Learn the bucket method to help young trees

Learn the bucket method to help young trees
By Debbie Arrington
Guest Writer

Worried about your trees this summer? Grab a bucket – preferably one with a hole near the bottom.

“Using a bucket is a great way to give trees—particularly young trees—the extra water they need, without wasting water,” says Pamela Frickmann Sanchez, Education Program Manager for the Sacramento Tree Foundation.

So easy that children can do it, “bucket watering” is the zen method of tree irrigation—slow, steady and as Mother Nature would do it. This simple solution also can help train young trees to grow deep roots, helping them become established and more drought resistant.

Sacramento trees most likely to show drought stress include coastal redwoods, birches, red maples and tulip trees.

During very dry conditions, young trees of all kinds are most at risk, particularly under five years old. Those same saplings benefit most from bucket watering—even if they’re growing in the middle of a lawn.

“The first few years, trees need about 10 to 15 gallons extra water a week, preferably split into two times a week,” Sanchez explained. “If you do have lawn, water from the lawn sprinklers is not adequate to get trees established. They need their own thorough soak. A 5-gallon bucket is a really easy way to make sure trees are getting enough water.”

Sacramento’s heavy soils need slow water application to allow moisture to soak in. “Don’t leave the hose running,” Sanchez said. “If you just dump five gallons on your tree, water runs off too quickly. Using the bucket method, you know exactly how much your tree is getting.”

SacTree staff experimented and found a single 1/8-inch hole—located on the bucket’s side about 1 inch above the bottom—was most effective. On the bottom, the hole got clogged with dirt. Multiple or bigger holes, the water drained too fast.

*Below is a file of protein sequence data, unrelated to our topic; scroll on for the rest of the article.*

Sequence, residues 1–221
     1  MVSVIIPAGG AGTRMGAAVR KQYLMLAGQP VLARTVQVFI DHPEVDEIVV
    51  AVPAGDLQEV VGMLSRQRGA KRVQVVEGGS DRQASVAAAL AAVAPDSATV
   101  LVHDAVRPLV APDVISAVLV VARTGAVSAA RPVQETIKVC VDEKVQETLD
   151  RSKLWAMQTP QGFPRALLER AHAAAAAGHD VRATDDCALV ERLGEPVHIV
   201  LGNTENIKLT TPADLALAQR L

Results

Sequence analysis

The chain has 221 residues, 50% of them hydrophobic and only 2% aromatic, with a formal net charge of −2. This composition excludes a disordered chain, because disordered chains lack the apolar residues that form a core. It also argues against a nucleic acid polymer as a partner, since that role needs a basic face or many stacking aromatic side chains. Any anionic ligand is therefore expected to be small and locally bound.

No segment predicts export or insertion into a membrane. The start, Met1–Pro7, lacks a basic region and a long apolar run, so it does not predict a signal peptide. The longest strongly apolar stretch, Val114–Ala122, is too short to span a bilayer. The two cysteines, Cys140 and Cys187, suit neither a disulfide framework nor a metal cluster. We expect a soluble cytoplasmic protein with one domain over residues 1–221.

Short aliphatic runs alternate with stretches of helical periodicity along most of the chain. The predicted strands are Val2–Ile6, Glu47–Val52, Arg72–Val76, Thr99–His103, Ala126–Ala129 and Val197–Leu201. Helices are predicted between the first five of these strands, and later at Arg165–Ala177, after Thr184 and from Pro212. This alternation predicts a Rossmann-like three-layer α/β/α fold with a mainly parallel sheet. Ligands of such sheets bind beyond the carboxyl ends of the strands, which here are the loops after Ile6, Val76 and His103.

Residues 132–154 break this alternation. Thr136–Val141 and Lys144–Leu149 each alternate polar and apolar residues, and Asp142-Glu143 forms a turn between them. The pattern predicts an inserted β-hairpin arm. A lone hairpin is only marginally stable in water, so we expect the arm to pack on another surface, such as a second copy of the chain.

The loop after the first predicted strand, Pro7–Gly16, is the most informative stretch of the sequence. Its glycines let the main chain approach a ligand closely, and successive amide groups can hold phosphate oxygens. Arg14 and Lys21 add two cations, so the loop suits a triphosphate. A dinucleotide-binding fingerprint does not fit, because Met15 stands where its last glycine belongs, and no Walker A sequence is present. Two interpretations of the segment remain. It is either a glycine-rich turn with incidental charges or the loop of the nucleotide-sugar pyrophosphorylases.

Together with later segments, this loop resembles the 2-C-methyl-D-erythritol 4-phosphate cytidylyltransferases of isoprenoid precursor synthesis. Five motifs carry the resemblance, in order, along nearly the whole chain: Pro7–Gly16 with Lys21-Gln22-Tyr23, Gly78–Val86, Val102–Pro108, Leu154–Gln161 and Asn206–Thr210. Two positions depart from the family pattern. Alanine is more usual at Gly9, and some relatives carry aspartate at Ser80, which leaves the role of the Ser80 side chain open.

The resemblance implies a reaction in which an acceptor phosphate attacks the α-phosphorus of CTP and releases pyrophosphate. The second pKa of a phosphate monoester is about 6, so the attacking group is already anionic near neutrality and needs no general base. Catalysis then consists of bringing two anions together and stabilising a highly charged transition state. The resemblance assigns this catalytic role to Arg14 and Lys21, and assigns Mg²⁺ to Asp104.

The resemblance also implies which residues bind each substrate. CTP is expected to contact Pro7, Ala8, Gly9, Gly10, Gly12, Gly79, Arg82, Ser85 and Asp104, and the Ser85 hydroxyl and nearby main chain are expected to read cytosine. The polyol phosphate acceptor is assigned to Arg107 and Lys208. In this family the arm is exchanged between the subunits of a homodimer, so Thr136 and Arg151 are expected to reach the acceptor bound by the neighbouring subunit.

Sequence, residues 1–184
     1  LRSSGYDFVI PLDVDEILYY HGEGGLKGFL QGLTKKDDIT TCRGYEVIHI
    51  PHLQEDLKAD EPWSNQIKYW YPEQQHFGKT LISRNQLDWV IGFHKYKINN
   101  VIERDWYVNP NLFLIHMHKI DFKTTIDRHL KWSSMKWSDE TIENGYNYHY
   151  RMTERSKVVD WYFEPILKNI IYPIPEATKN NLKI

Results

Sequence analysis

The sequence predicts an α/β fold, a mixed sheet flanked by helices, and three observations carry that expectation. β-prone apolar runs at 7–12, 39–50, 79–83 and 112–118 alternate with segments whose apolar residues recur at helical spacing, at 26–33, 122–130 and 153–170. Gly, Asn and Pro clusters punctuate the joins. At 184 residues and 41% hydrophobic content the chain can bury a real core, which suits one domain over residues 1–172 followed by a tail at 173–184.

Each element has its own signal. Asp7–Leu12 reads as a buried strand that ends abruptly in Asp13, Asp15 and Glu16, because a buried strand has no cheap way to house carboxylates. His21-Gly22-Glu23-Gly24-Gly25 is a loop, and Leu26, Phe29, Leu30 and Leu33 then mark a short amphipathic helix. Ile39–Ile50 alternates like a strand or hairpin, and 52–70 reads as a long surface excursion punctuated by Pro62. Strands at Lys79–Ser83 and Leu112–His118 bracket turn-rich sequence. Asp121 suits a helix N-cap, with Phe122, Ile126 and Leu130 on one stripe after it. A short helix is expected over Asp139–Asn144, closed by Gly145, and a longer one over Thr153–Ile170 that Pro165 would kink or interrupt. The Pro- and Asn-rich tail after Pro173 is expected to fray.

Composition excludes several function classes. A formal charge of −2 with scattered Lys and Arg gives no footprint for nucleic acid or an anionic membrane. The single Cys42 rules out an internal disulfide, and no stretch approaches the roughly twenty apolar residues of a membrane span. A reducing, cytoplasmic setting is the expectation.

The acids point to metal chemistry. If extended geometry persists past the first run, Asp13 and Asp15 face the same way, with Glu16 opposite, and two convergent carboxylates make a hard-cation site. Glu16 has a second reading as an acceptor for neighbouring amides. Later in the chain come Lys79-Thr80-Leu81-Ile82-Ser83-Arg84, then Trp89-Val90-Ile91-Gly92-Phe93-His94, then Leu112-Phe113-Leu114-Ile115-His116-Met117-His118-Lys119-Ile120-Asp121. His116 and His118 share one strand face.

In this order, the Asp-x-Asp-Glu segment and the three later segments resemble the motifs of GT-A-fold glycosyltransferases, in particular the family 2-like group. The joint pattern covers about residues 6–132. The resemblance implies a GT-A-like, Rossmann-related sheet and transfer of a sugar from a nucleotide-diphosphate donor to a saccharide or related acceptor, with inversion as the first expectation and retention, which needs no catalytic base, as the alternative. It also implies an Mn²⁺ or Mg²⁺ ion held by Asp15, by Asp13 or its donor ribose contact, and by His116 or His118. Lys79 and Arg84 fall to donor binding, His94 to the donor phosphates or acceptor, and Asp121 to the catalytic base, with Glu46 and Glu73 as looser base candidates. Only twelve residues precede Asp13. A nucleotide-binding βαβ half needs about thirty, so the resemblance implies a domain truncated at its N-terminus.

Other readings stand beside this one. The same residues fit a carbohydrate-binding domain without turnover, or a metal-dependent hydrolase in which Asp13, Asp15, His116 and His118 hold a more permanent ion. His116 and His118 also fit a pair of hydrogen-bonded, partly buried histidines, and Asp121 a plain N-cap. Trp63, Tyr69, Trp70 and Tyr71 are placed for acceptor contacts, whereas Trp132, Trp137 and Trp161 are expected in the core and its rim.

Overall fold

Cover the hole with tape, fill the bucket, put in place, then remove the tape.

Place the bucket close, within a foot of the trunk, to newly planted trees; their root ball still hasn’t spread out. Alternate sides with each bucket application. As the tree grows, move the bucket farther away from the trunk. The feeder roots that need the extra water most are located along the dripline at the edges of a tree’s canopy.

The bucket method can get the whole family involved in helping trees and saving water.

“We’ve worked with lots of schools, using buckets to water trees,” Sanchez said. “Classrooms adopt a tree, decorate a bucket, take it out on a wagon. It’s just the cutest thing!”

  • Before applying extra water, check the soil to see if your tree really needs it. Use a moisture meter or long-handled screwdriver; if you can push the screwdriver 6 inches or more into the soil, wait on watering.
  • Mulch will help your trees keep that moisture longer. Apply 2 to 4 inches of organic mulch (wood chips, bark, leaves, etc.) out to the tree’s dripline, leaving 6 inches of space around the trunk.
  • Need a new tree? The Sacramento Tree Foundation has 80 shady recommendations for the greater Sacramento area. Search for the right tree for the right place in your landscape. Find the searchable list at: https://www.sactree.com/shady80

Debbie Arrington is a longtime home and garden reporter and co-author of the blog Sacramento Digs Gardening: https://sacdigsgardening.blogspot.com/


VIDEO: How to Give Young Trees the Water They Need Using the “Bucket Method”

Trees younger than 5 years old are most at risk during the hot summer months. To thrive, they need water delivered slowly and deeply, ideally using drip irrigation. When drip irrigation is not possible, trees need extra help. Learn the “bucket method” for efficiently watering young trees in this brief video produced in partnership with our friends at the Sacramento Tree Foundation.